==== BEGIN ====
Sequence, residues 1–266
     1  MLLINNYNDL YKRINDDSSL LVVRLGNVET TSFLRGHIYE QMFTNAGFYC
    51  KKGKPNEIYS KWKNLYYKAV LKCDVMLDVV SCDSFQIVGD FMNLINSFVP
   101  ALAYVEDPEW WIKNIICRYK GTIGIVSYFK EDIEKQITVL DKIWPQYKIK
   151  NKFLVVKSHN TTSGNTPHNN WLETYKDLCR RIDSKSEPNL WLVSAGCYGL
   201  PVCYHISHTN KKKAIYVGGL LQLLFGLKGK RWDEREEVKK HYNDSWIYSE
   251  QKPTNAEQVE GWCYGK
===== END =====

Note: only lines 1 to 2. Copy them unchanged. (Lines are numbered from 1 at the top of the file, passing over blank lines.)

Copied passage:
Sequence, residues 1–266
     1  MLLINNYNDL YKRINDDSSL LVVRLGNVET TSFLRGHIYE QMFTNAGFYC